Year: 2023 Source: Crisis. (2020). 41(6), 422–428. SIEC No: 20231516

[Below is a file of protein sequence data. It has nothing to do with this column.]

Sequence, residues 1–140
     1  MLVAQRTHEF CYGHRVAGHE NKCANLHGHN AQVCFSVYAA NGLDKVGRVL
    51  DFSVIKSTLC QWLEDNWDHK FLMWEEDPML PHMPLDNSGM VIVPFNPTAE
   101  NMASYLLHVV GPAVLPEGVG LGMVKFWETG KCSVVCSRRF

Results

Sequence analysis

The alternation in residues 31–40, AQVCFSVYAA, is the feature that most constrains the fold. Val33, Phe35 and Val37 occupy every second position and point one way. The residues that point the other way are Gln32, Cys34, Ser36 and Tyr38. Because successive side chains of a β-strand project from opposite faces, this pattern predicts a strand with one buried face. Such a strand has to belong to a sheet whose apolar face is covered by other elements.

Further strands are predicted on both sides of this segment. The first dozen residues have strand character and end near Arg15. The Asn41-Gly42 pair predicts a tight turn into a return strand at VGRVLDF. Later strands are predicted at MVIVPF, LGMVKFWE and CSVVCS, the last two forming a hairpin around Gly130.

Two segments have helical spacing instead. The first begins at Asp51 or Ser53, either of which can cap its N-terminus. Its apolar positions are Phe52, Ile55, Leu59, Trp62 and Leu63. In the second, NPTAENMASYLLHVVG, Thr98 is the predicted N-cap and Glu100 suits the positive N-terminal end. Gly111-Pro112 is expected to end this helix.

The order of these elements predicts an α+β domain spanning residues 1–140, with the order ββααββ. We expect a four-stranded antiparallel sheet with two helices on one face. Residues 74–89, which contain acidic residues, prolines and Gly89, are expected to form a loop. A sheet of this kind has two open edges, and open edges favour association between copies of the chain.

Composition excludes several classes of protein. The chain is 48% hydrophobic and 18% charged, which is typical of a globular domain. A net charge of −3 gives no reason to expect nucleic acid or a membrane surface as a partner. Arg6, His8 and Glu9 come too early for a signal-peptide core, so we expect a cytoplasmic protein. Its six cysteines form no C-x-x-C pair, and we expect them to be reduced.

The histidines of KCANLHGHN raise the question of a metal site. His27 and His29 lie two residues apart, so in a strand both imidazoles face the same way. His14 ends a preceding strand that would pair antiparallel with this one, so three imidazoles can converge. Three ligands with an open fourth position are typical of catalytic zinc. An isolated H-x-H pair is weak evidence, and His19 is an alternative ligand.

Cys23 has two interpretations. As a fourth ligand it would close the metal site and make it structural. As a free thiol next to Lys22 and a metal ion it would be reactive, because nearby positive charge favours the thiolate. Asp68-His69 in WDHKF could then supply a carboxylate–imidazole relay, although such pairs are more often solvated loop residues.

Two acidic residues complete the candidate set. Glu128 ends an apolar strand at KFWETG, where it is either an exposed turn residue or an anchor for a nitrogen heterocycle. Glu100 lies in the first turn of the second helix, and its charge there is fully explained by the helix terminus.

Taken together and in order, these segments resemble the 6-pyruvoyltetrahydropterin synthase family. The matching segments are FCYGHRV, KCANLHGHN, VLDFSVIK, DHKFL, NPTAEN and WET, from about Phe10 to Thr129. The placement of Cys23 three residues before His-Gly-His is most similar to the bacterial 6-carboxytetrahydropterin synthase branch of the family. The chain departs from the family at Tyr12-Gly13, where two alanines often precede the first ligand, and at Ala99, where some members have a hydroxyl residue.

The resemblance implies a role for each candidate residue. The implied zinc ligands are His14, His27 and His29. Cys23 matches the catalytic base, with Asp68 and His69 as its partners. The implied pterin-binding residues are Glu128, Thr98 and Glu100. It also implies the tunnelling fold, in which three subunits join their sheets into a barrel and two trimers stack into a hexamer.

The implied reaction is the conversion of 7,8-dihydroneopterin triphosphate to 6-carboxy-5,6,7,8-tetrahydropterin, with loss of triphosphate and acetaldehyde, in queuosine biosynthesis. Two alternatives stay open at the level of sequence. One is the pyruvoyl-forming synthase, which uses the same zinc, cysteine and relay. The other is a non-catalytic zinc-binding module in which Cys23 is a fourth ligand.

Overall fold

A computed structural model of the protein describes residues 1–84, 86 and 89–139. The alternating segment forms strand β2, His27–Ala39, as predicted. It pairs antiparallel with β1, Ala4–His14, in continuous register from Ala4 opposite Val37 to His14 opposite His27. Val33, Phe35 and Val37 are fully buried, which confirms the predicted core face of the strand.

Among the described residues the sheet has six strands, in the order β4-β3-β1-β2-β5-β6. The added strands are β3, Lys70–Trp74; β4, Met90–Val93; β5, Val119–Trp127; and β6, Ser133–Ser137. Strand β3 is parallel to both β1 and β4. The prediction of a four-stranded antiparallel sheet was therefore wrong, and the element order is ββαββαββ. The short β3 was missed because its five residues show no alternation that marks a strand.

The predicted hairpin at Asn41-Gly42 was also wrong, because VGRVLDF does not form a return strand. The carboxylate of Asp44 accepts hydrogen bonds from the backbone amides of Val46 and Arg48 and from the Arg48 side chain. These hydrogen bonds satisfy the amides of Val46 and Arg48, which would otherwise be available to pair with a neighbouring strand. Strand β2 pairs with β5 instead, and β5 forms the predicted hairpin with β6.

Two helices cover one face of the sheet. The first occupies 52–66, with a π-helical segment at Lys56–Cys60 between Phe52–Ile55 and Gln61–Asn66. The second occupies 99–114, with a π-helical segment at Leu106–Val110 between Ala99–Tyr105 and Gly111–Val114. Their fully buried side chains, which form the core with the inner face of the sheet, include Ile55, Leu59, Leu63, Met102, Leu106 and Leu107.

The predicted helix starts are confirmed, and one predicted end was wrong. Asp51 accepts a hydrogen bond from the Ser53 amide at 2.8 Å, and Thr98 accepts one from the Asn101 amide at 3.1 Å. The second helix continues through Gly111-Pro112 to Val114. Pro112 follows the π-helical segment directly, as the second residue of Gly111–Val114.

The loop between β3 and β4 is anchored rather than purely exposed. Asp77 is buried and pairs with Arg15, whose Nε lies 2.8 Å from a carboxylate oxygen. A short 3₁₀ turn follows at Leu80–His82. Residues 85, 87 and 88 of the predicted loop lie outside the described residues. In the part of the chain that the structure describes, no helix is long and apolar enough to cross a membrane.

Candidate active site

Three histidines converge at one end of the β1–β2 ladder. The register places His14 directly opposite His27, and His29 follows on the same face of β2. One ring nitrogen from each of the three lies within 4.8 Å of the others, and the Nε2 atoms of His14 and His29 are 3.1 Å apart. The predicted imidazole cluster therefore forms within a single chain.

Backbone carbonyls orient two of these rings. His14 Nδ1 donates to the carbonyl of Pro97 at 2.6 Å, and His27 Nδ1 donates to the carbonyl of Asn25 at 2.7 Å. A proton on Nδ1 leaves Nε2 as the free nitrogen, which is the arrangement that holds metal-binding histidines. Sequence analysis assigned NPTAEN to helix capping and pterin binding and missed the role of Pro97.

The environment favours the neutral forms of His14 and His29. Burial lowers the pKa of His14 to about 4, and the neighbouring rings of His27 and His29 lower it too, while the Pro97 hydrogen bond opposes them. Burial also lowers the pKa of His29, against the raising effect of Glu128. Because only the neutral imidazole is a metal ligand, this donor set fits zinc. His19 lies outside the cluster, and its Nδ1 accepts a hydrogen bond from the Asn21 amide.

Background: Monitoring of suicide rates in the recovery phase following a devastating disaster has been limited. Aim: We report on a 7-year follow-up of the suicide rates in the area affected by the Great East Japan Earthquake, which occurred in March 2011. Method: This descriptive study covered the period from March 2009 to February 2018. Period analysis was used to divide the 108-month study period into nine segments, in which suicide rates were compared with national averages using Poisson distribution. Results: Male suicide rates in the affected area from March 2013 to February 2014 increased to a level higher than the national average. After subsequently dropping, the male rates from March 2016 to February 2018 re-increased and showed a greater difference compared with the national averages. The difference became significant in the period from March 2017 to February 2018 (p = .047). Limitations: Specific reasons for increasing the rates in the recovery phase were not determined. Conclusion: The termination of the provision of free temporary housing might be influential in this context. Provision of temporary housing was terminated from 2016, which increased economic hardship among needy evacuees. Furthermore, disruption of the social connectedness in the temporary housing may have had an influence. Our findings suggest the necessity of suicide rate monitoring even in the recovery phase.